Is sex work (prostitution) illegal in Zimbabwe?

Contrary to popular belief, sex work (also known as prostitution) is not a crime in Zimbabwe. Also, there is no law called “loitering for the purposes of prostitution!”

What does the law actually say is a crime?

  1. Soliciting for purposes of prostitution in a public place or any place to which the public has access to.

To solicit means to offer one’s services. What is criminalised is the act of offering one’s services in a public place. A public place can be any road, building, open space or other place of any description to which the public have access. It can be reserved for specific sections of the public e.g. doctors’ club. It could be accessible on payment only or not e.g. hotel or restaurant. It does not matter whether the right of admission is reserved or not e.g. private entertainment lounges such as the Platinum Lounge in Borrowdale.

  1. Soliciting for clients in print or electronic media for reception by the public e.g. using social media or a website and newspapers.

What is criminalised is advertising one’s services publicly through the media. Looking at the law it means if someone solicits in private, it IS NOT a crime. Calling or using Instant Messaging using SMS or Whatsapp targeting individual clients IS NOT a crime. The actual act of engaging in sex for money or reward IS NOT a crime. If a sex worker conducts his or her work indoors s/he is not committing any crime.

  1. Living off or facilitating prostitution is a crime.

The law intervenes when an individual keeps a brothel (a house where clients visit prostitutes) or is a pimp (a person who controls prostitutes and arranges clients for them, taking a percentage of their earnings in return).Our criminal laws are aimed at supressing sex work not totally prohibiting it.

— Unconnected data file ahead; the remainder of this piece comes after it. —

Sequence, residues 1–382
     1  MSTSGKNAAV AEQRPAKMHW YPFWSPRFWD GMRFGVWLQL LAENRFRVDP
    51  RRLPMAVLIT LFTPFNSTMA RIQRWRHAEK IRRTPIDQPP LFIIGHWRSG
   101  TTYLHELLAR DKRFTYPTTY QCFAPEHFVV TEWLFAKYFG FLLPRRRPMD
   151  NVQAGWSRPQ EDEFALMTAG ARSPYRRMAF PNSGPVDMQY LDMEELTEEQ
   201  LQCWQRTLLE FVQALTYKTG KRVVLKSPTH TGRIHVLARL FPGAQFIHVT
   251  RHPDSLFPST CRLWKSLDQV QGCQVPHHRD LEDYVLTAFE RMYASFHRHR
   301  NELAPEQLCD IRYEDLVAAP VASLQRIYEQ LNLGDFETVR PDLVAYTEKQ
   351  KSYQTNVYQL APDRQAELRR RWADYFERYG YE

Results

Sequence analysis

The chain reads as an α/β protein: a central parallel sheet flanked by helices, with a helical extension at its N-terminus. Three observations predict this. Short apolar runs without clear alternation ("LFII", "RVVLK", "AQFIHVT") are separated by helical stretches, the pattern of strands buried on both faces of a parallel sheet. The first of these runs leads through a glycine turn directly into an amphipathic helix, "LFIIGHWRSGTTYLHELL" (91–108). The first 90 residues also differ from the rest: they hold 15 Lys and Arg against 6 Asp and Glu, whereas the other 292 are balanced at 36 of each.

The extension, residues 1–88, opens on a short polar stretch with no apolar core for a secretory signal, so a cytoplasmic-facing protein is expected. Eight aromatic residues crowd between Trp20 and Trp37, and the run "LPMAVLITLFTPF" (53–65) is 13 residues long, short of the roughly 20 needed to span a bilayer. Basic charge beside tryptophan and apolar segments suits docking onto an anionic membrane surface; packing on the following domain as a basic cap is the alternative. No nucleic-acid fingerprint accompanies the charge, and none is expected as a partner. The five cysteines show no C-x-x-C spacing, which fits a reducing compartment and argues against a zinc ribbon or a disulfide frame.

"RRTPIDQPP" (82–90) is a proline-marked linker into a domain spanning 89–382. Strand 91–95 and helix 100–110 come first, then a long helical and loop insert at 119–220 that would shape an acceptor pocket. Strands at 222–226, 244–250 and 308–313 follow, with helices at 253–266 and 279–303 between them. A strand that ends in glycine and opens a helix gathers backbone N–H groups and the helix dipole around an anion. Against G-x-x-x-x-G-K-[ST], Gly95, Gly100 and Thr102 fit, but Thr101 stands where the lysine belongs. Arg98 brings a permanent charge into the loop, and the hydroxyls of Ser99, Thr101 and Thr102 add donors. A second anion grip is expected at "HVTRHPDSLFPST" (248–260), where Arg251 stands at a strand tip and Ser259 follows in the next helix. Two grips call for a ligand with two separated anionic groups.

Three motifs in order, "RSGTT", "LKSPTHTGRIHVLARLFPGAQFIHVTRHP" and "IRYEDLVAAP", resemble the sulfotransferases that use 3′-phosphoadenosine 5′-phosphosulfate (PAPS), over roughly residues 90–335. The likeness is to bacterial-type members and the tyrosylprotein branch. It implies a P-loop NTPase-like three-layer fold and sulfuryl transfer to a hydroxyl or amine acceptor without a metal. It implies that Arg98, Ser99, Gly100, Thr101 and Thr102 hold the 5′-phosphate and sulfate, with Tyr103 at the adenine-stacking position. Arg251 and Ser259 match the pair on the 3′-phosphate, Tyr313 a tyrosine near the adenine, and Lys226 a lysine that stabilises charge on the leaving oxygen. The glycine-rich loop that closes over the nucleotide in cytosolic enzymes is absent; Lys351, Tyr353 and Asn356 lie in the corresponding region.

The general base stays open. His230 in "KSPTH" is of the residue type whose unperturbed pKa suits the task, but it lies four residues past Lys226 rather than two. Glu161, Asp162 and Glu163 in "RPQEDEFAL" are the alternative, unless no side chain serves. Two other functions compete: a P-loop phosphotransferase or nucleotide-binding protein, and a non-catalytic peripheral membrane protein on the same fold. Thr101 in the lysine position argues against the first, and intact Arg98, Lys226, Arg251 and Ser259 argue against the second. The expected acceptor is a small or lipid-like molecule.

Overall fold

Other conduct that is criminalised is aimed at preventing human trafficking for the purposes of prostitution and Child sexual exploitation.

This includes:

  • Procuring (Recruiting) people to become prostitutes.
  • Coercing (forcing) or inducing people to engage in sexual conduct.
  • Detaining people for purposes of engaging in unlawful sexual conduct.
  • Permitting young persons to be in a place where they will engage in unlawful sexual conduct.

Allowing a child or children to become a prostitute/s.

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The Law Hub website provides legal information to give readers a general understanding of Zimbabwean Law. Its articles and social media posts do not provide legal advice and as such do not create a legal practitioner and client relationship. Examples given may not apply to all real life situations or cases. Readers are urged to consult a legal practitioner on any specific legal questions concerning a specific situation should they need legal advice.